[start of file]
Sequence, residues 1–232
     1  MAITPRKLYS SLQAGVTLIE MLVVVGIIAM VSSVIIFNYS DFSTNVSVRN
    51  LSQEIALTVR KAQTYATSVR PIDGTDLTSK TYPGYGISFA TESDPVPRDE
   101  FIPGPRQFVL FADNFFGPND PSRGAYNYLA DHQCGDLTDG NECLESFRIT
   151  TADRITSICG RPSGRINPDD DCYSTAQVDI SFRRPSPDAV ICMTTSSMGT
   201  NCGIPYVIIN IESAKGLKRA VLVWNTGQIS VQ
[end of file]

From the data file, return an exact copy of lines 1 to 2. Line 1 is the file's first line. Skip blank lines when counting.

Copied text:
Sequence, residues 1–232
     1  MAITPRKLYS SLQAGVTLIE MLVVVGIIAM VSSVIIFNYS DFSTNVSVRN